Program 99:
Superstar Enterprise Grant
Program 104:
The “Torch Project”
Program 105:
Venture Investment Fund of Hi-Tech Industry
Program 106:
Water Fund Refund/Exemption 2008
Program 107:
Water Saving Enterprise

IV. Preferential Tax Programs

Program 109:
Deed Tax Exemptions For Land Transferred through Merger or Restructuring
Program 110:
Exemption from City Maintenance and Construction Taxes and Education Fee Surcharges for FIEs
Program 111:
Income Tax Refund for Re-investment of FIE Profits by Foreign Investors
Program 112:
Municipal Government – Preferential Tax Program
Program 113:
Preferential Tax Policies in the Western Regions
Program 114:
Preferential Tax Policies for Domestic Enterprises Purchasing Domestically Produced Equipment for Technology Upgrading Purpose
Program 115:
Preferential Tax Policies for FIEs and Foreign Enterprises Which Have Establishments or Places in China and are Engaged in Production or Business Operations Purchasing Domestically Produced Equipment
Program 116:
Preferential Tax Policies for FIEs which are Technology Intensive and Knowledge Intensive
Program 117:
Preferential Tax Policies for Foreign Invested Export Enterprises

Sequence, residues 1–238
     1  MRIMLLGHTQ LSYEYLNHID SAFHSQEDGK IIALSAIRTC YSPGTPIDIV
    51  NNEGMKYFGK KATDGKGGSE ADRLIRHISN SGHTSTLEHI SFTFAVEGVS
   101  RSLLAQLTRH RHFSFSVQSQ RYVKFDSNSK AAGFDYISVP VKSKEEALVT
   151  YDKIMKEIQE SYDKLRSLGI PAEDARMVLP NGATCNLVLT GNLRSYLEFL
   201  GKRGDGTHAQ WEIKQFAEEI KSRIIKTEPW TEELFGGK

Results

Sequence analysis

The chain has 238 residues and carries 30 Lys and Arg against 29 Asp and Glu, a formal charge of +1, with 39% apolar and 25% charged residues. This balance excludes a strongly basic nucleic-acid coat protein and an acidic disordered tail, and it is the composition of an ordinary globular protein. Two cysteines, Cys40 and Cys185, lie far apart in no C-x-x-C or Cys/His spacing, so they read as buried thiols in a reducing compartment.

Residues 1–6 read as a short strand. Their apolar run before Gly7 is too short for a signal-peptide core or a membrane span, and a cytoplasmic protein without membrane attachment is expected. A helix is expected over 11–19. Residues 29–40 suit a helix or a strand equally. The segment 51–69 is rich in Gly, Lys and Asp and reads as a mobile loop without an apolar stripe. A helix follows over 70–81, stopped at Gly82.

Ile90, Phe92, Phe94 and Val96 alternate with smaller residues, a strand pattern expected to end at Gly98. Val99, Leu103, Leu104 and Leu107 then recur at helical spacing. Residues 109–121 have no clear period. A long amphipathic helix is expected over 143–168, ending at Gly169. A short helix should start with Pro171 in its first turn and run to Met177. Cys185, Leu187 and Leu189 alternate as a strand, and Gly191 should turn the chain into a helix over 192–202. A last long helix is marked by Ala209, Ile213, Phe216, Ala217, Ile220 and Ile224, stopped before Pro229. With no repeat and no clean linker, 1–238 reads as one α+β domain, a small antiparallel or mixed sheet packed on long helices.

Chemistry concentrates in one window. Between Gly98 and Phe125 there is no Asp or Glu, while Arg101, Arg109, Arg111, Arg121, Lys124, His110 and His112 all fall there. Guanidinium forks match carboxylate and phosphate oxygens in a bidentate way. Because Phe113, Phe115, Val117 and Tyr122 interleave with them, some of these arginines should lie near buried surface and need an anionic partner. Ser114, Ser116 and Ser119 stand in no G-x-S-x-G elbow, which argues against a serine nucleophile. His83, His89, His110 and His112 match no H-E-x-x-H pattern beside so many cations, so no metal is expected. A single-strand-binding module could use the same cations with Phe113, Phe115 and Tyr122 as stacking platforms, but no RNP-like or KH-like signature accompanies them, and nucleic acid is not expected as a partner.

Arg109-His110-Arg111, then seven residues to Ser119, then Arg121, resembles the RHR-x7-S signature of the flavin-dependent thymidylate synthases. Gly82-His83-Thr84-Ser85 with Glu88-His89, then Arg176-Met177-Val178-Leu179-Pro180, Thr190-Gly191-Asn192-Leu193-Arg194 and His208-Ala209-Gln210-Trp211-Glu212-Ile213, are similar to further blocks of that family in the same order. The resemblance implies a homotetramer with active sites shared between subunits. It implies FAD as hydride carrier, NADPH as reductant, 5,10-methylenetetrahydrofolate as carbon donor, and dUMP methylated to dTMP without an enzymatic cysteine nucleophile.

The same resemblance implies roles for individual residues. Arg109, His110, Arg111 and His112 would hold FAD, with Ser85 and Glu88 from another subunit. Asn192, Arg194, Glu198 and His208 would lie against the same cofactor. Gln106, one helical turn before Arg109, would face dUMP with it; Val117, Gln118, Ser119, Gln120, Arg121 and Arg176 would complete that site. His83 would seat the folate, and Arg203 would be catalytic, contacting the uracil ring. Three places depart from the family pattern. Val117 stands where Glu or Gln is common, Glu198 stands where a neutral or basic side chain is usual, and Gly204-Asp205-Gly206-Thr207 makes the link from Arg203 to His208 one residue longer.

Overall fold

Program 118:
Preferential Tax Policies for the Research and Development of FIEs
Program 119:
Stamp Tax Exemption on Share Transfers under Non-tradable Share Reform
Program 120:
Tax preference available to companies that operate at a small profit
Program 122:
VAT and Income Tax Exemption/Reduction for Enterprises Adopting Debt-to-Equity Swaps

V. Relief from Duties and Taxes on Inputs, Materials and Machinery

Program 124:
Import tariff and VAT exemptions for FIEs and certain domestic enterprises using imported equipment in encouraged industries
Program 125:
Relief from Duties and Taxes on Imported Material and Other Manufacturing Inputs
Program 126:
VAT Reduction and Exemption for Recycled Products
Program 127:
VAT Refunds to FIEs Purchasing Domestically-Produced Equipment

VI. Goods/Services Provided by Government at Less than Fair Market Value

Program 128:
Acquisition of Government Assets at Less than Fair Market Value